‘We need to collaborate’: Mayor Hancock speaks on resignations among Denver Public Schools leadership

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DENVER (KDVR) — More community leaders are weighing in on the Denver Public School Board of Education’s controversy following the resignations of three top leaders.

Denver Mayor Michael Hancock said, “You have a superintendent resign, the chief operating officer resign, a top deputy superintendent resigning in the middle of the school year. There’s something else going on here we have to pay attention to.”

When Superintendent Susana Cordova announced her resignation on Friday, she did not mention a hostile work environment as a reason for leaving, but other community leaders have raised that concern. 

Hancock and former Denver Mayor Federico Peña wrote a sharply critical letter to the school board, saying board members mistreated Cordova at board meetings and interfered in the day-to-day management of the school system.  

Hancock said, “We have confirmed more than once it was an untenable situation for the superintendent.”

Parents say they are tired of the politics. Joanna Rosa-Saenz has three children in DPS and has followed the developments with the board closely.

“Our students are the ones who are losing in all of this because they are failing and falling behind. That is not fair,” she said.

Many believe the board should let a committee of residents take the lead in recruiting the district’s next leader.

“It’s shocking and saddening at the same time. Obviously, there’s no way we can talk to her to keep her back with us. We need to focus on the solution, and the solution is, there needs to be community involvement to choose the next superintendent. I hope the board works with parents and community members to make this happen.” Rosa-Saenz said. “We are going to need somebody with very thick skin, somebody that is able to take this Titanic out of the sea.”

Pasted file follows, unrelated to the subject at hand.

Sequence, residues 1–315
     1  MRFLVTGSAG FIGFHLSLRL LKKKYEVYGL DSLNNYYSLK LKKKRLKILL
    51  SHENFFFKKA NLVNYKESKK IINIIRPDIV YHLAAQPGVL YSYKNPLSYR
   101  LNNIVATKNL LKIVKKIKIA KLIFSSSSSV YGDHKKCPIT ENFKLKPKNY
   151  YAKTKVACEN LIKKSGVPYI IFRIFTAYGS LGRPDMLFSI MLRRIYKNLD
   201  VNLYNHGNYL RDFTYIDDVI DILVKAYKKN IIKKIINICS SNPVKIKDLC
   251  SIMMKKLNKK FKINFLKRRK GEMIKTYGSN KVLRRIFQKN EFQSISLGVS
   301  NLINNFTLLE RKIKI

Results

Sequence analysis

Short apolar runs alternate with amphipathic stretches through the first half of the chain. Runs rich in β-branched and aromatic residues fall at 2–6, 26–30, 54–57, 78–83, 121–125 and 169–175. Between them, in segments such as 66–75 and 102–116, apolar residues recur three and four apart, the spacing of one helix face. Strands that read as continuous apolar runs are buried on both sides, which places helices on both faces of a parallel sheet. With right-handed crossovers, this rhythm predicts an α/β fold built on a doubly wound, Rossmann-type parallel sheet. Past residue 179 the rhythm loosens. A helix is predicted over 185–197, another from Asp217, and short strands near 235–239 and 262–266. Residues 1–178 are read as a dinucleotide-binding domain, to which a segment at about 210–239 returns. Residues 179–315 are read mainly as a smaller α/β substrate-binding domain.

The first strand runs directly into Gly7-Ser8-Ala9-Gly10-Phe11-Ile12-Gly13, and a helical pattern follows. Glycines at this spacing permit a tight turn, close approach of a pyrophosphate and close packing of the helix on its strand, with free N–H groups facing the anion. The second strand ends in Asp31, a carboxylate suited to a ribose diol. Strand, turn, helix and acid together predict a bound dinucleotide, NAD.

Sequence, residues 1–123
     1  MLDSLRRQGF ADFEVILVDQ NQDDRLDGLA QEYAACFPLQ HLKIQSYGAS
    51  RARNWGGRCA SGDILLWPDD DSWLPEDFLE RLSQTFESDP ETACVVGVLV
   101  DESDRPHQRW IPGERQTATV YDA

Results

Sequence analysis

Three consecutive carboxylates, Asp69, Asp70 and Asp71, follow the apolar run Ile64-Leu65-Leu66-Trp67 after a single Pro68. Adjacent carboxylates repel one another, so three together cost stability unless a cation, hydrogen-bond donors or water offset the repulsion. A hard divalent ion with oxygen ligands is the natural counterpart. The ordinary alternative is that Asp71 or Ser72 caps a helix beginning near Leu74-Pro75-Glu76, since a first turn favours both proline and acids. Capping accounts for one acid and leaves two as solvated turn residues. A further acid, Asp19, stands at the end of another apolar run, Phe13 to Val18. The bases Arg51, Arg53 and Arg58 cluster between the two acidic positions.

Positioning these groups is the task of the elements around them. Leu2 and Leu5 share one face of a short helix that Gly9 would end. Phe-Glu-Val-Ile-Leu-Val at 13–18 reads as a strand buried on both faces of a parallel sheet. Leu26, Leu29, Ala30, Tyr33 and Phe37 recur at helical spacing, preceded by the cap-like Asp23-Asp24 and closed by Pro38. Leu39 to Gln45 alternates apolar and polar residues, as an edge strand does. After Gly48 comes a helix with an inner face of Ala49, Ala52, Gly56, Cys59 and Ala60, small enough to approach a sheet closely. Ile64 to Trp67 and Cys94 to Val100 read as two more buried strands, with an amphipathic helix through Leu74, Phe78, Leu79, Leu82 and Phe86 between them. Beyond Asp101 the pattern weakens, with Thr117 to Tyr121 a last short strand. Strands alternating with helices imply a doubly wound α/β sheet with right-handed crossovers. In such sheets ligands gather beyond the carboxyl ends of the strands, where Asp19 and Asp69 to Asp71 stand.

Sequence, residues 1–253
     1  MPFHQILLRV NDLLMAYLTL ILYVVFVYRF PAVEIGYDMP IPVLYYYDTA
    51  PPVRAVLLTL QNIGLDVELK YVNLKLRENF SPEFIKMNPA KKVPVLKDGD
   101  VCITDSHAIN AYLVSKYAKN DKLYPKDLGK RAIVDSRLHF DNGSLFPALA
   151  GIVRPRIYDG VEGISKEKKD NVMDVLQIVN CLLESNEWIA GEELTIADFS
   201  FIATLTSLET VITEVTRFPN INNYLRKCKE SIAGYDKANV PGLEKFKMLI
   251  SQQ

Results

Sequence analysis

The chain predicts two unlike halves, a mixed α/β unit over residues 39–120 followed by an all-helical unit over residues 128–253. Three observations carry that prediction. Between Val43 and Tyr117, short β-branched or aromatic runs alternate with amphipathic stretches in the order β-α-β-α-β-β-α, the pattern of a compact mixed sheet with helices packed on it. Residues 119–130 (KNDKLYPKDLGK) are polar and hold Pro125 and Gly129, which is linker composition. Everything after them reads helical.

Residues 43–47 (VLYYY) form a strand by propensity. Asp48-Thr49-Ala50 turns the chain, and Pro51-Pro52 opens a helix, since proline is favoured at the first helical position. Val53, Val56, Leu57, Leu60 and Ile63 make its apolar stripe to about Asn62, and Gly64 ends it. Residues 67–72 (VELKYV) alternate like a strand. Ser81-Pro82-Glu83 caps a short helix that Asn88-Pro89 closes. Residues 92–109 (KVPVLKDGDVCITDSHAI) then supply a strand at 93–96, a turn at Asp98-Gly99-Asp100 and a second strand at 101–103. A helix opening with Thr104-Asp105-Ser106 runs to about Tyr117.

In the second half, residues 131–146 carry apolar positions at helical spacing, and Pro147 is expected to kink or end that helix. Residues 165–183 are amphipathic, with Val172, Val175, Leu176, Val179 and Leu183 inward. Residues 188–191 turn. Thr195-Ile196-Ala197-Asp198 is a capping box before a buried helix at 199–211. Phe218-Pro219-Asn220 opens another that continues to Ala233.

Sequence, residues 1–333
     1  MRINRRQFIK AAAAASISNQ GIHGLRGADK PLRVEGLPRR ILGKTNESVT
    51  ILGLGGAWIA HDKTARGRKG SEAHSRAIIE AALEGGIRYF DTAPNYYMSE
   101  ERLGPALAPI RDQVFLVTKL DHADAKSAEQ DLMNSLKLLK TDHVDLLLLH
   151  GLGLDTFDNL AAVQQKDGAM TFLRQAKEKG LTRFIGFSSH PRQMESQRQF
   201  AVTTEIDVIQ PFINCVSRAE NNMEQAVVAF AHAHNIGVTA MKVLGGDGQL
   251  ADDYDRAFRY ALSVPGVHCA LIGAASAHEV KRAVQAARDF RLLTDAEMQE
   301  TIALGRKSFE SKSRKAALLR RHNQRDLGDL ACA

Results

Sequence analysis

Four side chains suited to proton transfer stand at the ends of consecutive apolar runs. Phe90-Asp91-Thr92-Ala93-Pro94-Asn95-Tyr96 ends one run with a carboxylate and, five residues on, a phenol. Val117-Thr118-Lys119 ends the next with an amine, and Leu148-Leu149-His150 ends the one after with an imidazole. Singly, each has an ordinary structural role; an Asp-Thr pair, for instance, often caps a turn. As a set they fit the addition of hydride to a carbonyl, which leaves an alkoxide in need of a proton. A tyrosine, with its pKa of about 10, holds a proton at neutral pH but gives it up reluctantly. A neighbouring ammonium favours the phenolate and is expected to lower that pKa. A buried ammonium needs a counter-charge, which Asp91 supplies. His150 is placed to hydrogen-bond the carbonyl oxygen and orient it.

Hancock said, “I don’t think this is an opportunity to be missed. Instead of taking it personal, it wasn’t meant to be personal, what is seen as dysfunction and the fact we let a tremendously talented superintendent go in the middle of the school year. Our children are going to be the ones who are hurt. We need to collaborate and engage.”

He responded to allegations of his involvement being “overreach” by saying, “No one’s over-reaching. We don’t have a great city without great schools. We are here to preserve the best school system for all of our kids. We’re leaning in and we’re here to be involved, here to collaborate and we plan to stay here, to collaborate. This is not about bringing power to do anything, other than to encourage (the) board of education to work cohesively and collaboratively within their own organization as well as the community in the best interest of the children and the 91,000 children that interact with that district. We are here to be a partner.” 

School board members would not agree to any interviews, saying in a video statement Monday evening that responding to external claims takes time away from their priorities.

Board Vice President Jennifer Bacon said, “Like we say to our students, be kind to each other, we are community. We will need each other.”

The board hopes to name an interim superintendent by the first week of December.

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